2. yellow + coral + purple + cranberry = sunset
Bold jewel tones make for a fun and fiery sunset palette. These saturated colors have more depth than their primary counterparts, creating a happy, warm, and inviting atmosphere. For a traditional or modern look, use jewel tones sparingly and with clean lines, or generously layer them together with more organic shapes for a brilliant bohemian palette. Desert or city, these dynamic colors set the tone for a cheerful party.
3. ivory + silver + greenery = fresh nature-inspired
This lush palette is bright, fresh, and nature-inspired. Shades of green, simple ivory blooms, and silver accents add dimension and make this palette endlessly adaptable to your style and budget. So whether you favor tropical greens or the forest floor, you can layer on the organic shapes (and shades) for dimensional decor that brings the outdoors in.
4. dogwood + gold + blue + navy = soft, vintage
Dreamy and calm, this palette evokes the soft light of magic hour. The navy balances and grounds the lighter shades of pink and blue, and the brushed gold adds a sophisticated touch, making this palette romantic and sophisticated, not saccharine. This fresh and ethereal palette would be perfect for a vintage style wedding.
5. apricot + sage + greige + navy = sophisticated
This mellow fall palette in shades of apricot, sage, greige, and navy feels seasonal and sophisticated. Texture, color, and candlelight create a casual elegance that works for rustic and rooftop weddings alike. More subdued than typical fall palettes, the organic pops of apricot and sage in the form of flowers, fruits, and greens keep it feeling fresh.
6. mint + pink + coral + magenta = whimsical
Shades of sorbet and mint combine for a fresh take on modern whimsy. This palette feels like a happy dance party with its analogous berry hues and complementary tint of mint! These colors bring bold graphics, playful elements, and unique florals to life, and can be used in any concentration you’re comfortable with—from a dash to a downpour.
7. island paradise + niagara + lapis + red plum = ELEGANT MONOCHROMATIC
This mainly monochromatic palette uses a variety of blues along with burgundy accents to create a moody elegant feel. Stick to a limited color palette to achieve a sophisticated and cohesive design, while using a few tints, tones, or shades of the same color to create depth and interest. The single and repetitive use of the burgundy accent color further emphasizes this feeling of chic cohesion.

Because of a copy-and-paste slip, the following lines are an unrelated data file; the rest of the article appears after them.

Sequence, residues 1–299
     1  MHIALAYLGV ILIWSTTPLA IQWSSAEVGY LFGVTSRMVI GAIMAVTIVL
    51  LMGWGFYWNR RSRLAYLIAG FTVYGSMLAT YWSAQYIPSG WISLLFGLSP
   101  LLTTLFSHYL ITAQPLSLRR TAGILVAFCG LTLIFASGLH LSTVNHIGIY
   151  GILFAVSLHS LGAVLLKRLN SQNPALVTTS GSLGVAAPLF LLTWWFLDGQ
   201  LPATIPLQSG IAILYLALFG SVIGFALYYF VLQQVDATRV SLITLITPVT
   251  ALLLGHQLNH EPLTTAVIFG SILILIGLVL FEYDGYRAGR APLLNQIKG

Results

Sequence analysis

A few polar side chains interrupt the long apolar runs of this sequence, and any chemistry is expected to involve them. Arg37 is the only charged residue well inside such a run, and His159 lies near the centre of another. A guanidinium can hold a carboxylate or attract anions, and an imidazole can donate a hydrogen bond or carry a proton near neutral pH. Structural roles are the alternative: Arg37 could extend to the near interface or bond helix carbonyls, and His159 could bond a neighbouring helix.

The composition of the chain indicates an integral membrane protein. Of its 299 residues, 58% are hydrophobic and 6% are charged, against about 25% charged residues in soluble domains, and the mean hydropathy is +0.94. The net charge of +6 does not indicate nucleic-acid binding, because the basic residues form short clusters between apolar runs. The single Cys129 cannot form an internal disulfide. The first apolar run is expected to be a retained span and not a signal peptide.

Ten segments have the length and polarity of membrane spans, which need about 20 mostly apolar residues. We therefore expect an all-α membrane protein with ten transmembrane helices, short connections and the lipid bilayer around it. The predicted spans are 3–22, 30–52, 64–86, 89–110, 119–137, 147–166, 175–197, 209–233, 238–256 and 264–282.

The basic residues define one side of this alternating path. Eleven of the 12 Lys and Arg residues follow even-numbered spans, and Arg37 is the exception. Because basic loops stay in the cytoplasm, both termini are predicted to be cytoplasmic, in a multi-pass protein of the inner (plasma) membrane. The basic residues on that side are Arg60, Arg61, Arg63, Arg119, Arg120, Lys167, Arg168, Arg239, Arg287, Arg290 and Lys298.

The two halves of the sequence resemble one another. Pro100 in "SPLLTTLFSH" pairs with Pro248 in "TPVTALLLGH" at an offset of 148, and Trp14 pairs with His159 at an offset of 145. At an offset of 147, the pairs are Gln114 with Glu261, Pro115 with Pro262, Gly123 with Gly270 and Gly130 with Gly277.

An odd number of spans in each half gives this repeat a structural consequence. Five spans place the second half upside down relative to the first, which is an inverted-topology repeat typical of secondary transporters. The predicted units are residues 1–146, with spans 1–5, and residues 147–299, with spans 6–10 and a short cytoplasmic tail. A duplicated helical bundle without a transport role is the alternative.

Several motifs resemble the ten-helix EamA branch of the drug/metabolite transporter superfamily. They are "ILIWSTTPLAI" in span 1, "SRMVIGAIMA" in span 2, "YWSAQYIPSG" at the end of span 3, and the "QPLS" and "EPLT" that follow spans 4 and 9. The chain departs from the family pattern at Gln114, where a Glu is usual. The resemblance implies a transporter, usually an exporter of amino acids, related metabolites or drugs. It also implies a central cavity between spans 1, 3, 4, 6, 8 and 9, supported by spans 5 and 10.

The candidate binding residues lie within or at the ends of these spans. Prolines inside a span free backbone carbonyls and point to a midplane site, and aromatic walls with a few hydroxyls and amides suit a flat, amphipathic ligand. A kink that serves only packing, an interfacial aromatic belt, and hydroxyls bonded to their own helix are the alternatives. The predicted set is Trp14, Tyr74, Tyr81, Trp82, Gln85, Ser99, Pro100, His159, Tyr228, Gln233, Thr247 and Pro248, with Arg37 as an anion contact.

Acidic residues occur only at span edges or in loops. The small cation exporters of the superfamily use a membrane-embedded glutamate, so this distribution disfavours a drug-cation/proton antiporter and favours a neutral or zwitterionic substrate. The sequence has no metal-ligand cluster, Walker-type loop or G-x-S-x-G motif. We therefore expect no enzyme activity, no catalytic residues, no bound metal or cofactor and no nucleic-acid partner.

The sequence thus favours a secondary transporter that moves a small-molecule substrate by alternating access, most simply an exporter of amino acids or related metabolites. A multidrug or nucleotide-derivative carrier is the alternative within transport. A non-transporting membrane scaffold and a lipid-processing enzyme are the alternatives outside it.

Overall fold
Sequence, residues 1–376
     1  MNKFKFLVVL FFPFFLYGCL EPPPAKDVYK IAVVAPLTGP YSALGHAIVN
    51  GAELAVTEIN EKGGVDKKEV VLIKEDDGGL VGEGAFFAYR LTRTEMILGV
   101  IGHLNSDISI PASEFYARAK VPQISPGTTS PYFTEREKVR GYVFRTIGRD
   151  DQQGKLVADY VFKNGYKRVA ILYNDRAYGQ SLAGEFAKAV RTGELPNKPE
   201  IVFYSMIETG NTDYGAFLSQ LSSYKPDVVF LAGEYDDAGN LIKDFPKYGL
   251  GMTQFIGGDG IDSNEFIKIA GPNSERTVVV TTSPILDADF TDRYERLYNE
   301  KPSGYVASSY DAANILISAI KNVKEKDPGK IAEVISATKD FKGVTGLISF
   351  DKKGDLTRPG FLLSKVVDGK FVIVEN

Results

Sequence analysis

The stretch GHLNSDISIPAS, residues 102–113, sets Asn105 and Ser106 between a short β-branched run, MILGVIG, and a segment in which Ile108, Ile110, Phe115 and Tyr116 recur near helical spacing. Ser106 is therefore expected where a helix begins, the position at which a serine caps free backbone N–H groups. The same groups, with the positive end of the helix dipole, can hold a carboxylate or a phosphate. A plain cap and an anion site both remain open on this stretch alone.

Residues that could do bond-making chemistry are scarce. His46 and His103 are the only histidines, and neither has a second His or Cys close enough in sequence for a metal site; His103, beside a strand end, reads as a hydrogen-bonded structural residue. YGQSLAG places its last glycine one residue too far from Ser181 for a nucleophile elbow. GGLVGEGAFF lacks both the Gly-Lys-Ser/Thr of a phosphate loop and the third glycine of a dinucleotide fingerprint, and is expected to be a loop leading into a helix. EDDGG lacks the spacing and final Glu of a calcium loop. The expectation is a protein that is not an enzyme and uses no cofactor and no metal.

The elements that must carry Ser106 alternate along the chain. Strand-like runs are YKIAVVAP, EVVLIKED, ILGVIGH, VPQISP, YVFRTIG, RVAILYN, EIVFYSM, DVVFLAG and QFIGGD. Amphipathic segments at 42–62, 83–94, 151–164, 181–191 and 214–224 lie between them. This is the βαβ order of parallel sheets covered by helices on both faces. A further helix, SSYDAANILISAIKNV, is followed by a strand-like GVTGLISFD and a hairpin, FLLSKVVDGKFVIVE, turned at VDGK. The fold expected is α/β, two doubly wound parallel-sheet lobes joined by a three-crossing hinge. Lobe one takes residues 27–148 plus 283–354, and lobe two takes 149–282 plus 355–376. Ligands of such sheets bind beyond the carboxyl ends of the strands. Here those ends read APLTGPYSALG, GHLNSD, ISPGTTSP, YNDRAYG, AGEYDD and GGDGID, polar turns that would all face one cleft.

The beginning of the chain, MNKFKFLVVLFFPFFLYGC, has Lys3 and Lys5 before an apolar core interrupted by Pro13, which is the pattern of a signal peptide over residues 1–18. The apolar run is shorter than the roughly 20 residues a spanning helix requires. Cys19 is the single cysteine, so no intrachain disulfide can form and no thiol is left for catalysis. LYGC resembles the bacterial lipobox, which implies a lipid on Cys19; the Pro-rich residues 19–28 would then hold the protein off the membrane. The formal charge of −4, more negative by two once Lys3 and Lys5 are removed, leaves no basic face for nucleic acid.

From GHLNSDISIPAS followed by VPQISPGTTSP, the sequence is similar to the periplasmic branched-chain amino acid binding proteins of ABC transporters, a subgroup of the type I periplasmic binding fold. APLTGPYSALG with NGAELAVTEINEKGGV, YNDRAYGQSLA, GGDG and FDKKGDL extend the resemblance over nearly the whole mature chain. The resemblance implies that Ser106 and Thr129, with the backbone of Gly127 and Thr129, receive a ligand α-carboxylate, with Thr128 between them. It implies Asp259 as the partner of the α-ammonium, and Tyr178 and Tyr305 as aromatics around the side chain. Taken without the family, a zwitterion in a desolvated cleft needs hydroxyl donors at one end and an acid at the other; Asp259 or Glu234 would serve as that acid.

8. HAZELNUT + island paradise + lapis + COPPER = MODERN
Hip, modern, and minimal, this palette of Palm Springs pastels is ready to party. It combines neutral desert hues, hazelnut and copper, with a few shades of blue to bring the minimal decor to life. Neutrals and metallic can be used liberally throughout, with bold strokes of lapis (or bright navy) for a graphic punch.
9. GREENery + BURGUNDY + flame + DOGWOOD = CHEERY
I love how the bright pops of greenery and flame are balanced by the more subdued burgundy and pale dogwood, making this palette sophisticated and fun. It’s very flexible and would work for a variety of seasons and venues. Bright and cheery enough for a casual outdoor affair, it could also be used with a more minimal style for a modern loft, gallery, or museum wedding.
10. rose quartz + cotton candy + pink yarrow + island paradise = WEDDING COLORS THAT POP
This pop star worthy palette is unapologetically bold and bright. The different shades of pink lend dimension to an otherwise simple color combo, and really make the dashes of island paradise pop. With so much vibrant color, details can be kept minimal—think simple vases, smaller bouquets, a few bright cake flowers. Light and bright, this palette pairs perfectly with graphic black and white elements, like stripes, in wardrobe, table top, signs, or invitations.
Did you have colors? How did you pick them? What would you do differently? What did you love? Why will people never stop with the “What are your colors” question?